If you read, every once in a while, you’ll find something and say, “why does that just apply to X? Why wouldn’t that work for Y, Z and W?”
Sometimes, the topic is medical — like noticing that the same protein is involved in both Alzheimer’s and concussions. (See previous blog.) Sometimes, the topic is far more universal.
Science Daily reports on a mind-training technique that improves the performance of athletes. (1) From the brief description, the program uses a step method (what program these days doesn’t?) and meditation to enable athletes to exclude mental distraction and focus on performance. Athletes who have gone through the program have been able to improve performance and importantly maintain the improvement over time.
The authors talk about enabling the athlete to block out distractions such as anxiety.
The basic premise is that half of athletic performance is mental and that conventional sports training ignores that aspect of the game.
I can certainly accept that. Great athletes have the ability to pay attention at a greater level than others. It’s said that legendary hitter Carl Yastrezmski could see the spin on a fastball and legendary racer Dale Earnhardt could see the wind coming off the car in front of him. The difference from others is in their uncanny ability to focus.
What could you do with that ability?
The larger questions is: what human activity isn’t at least 50% mental? That rule seems to apply to everything including sex.
- Great levers aren’t great because of some physical attribute but because of their ability to focus on their partner.
- Great teachers can sense what their students needs, whether the student is a visual or oral learner or requires some other form of coaching and instruction.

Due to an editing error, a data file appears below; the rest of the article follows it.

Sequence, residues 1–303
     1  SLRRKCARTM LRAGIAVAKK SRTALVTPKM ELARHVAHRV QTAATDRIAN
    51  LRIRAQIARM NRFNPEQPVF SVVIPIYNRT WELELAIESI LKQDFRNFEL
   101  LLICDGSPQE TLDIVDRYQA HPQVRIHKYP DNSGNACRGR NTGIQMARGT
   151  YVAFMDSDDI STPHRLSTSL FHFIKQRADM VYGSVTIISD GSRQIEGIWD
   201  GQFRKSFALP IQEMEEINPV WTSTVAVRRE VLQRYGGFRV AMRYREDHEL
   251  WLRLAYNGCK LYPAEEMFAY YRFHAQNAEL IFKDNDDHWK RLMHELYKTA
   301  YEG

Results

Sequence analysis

- Great leaders don’t just have vision about where to go, but the ability to motivate their followers or employees — knowing what will get them going.
We even know that the ability to survive and recover from serious illness is largely mental. Part of the sales pitch for supplemental insurance is about removing financial distractions to enable patients to focus on recovery.
And who doesn’t have distractions like anxiety?
So, who wouldn’t benefit from “mindfulness training”? The authors focus on athletes because of the money to be made there, but the concept applies to everyone in all aspects of life.
I’m not endorsing the book or specific method that’s the subject of this citation. However, there’s a lot to be said for improving the ability to focus and exclude distractions. The ability to focus can improve everything you do. There are a number of roads to that goal — including meditation and tai chi. Which method will work for you is something you learn by trying. So try.
There’s even an app for that! (4) No, I’m not endorsing that either, at least not until I try it myself.
- American Psychological Association. “New mindfulness method helps coaches, athletes score: Sessions can help athletes at all levels develop mental edge, psychologist says.” ScienceDaily. ScienceDaily, 4 August 2017. http://www.sciencedaily.com/releases/2017/08/170804091350.htm.